In the spring there had been an amazing show of Blackthorn blossom, the hedgerows were turned white in a truly wonderful display. Now we are witnessing another display from this nondescript tree, a bumper collection of sloe berries, some really plump ones on the bushes, the berries out doing the blackberry that typically is about now.
A few swallows called above us as we walked up Andrews lane, but that was about all that was about, that is if you don't count Woodpigeons which I don't.
when we reached the top of the lane there were even more Speckled Woods on the bushes. Where the path meets the lane though, there were calls from Chiffchaffs and Willow Warblers, but as always it was difficult to get onto the birds in the leaf cover as they made their way through catching insects. I did manage to get this Chiffchaff.
Walking through Lye Way farm was very quiet the only item of note was the fact that the Horse Chestnut are starting to show the effects of the leaf minor moth once again. As the road bends around we disturbed a very pristine Small Tortoiseshell.
There were a couple of Yellowhammers on the wires as we walked down Lye Way towards Kitwood, the sum total of anything of note. In the fields the farmer seems to have tired of the ploughing, and left an interesting pattern on the ground.
Rather than take the road through Kitwood Farm this time we decided to walk down through Homestead Farm. At the stile at the top of the path there was a bit of activity in the trees, there were 3 young Bullfinch and a collection of warblers that I couldn't definitively identify. A Nuthatch called from the taller trees, and a Kestrel flew over with a very worn tail.
The hedges were quiet as were the fence posts as we walked from Homestead across the road and then up the hill towards Garthowen. A surprise though was a pair of Siskins that flew over calling, but they never stopped. As we crossed the field to the garden centre a pale blue butterfly flew through the field and then up to the hedge where it teased me by dropping over then coming back, finally settling on the leaves. At firs I thought it might have been a Chalkhill Blue, but a closer look revealed it to be a very pale Holly Blue.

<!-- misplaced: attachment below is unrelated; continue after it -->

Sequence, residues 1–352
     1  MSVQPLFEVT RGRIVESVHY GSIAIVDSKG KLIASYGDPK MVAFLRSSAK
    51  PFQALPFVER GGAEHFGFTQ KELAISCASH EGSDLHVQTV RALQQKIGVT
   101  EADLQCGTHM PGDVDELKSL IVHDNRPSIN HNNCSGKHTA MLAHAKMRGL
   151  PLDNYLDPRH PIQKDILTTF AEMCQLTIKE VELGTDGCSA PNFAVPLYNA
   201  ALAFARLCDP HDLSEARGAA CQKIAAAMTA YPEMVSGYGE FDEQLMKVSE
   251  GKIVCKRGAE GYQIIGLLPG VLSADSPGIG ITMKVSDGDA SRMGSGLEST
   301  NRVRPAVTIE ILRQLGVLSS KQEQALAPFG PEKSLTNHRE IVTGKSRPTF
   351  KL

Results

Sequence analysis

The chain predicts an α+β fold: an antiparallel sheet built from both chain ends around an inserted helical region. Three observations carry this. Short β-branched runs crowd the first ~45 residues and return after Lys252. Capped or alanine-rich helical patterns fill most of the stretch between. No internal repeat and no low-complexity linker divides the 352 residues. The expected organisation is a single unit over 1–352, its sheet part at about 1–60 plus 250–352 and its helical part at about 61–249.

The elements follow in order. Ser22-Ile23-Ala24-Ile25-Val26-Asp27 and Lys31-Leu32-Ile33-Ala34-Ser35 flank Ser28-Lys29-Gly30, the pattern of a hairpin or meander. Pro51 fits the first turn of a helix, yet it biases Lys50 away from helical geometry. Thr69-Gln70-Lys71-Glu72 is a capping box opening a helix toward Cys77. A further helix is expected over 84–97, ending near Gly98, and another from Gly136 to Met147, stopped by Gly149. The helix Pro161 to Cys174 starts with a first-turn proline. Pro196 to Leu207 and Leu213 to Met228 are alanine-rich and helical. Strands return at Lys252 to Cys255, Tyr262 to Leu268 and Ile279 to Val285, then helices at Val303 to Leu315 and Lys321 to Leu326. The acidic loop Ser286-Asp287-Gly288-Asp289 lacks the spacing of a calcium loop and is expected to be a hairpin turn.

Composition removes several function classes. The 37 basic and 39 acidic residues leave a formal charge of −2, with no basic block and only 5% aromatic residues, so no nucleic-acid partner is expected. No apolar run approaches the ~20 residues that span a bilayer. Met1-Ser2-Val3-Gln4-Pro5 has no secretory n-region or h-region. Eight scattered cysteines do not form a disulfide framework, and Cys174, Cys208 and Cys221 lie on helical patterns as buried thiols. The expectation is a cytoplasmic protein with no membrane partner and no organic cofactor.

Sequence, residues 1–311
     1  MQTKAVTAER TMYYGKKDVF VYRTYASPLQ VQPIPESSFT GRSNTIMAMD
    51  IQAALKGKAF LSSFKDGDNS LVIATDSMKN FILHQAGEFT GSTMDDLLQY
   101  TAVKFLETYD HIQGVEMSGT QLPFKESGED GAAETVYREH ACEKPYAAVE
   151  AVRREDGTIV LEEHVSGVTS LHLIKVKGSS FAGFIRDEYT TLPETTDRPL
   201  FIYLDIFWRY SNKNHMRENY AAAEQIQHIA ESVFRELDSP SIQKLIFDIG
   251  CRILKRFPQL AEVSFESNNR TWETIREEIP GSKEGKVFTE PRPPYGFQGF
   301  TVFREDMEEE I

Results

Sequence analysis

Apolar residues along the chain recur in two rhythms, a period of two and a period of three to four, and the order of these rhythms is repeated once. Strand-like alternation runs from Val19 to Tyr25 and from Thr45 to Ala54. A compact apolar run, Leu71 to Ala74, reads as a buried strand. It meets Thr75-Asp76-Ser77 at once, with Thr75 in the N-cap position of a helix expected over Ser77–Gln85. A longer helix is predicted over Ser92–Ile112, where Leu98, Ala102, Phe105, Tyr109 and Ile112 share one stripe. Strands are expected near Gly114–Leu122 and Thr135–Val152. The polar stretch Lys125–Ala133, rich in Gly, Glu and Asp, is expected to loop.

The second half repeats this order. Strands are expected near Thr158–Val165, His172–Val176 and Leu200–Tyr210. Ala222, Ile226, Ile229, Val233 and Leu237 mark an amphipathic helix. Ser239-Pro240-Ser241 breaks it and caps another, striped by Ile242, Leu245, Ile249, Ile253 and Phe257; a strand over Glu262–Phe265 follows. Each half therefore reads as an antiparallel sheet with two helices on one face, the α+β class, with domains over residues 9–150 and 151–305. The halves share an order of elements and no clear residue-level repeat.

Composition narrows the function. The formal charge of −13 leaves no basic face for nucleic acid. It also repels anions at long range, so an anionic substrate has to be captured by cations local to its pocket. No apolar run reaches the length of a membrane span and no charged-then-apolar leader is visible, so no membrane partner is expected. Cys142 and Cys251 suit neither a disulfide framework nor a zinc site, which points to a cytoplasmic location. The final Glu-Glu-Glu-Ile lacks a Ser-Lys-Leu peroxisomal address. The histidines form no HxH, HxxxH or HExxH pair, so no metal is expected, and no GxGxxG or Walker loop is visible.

The dark tips on the wings indicate that it is probably part of theyears second brood.
We picked up ice creams and headed down towards Blackberry Lane, and then on our way towards home. Coming along the lane that runs parallel with the main road this Red Admiral settled on the fence clearly enjoying the warmth from the wood and sun.
And a little further on there was an immaculate Small Tortoiseshell doing exactly the same.
To complete the butterfly collection as we came into Reads Field a female Common Blue was sitting on the side of a house. This is the latest Common Blue I have seen here, and she did look like she wasn't going to be around much longer poor thing.
As we walked home the House martins were filling the sky over the houses, some still with mouths to feed. It was a lovely day, a lift from the previous cold and clody days we had been having. It was disappointing not to have found any interesting migrants, but the Spotted Flycatchers were a bonus, six being my highest count, and the late blue butterflies a surprise. There is still time in September yet for further surprises.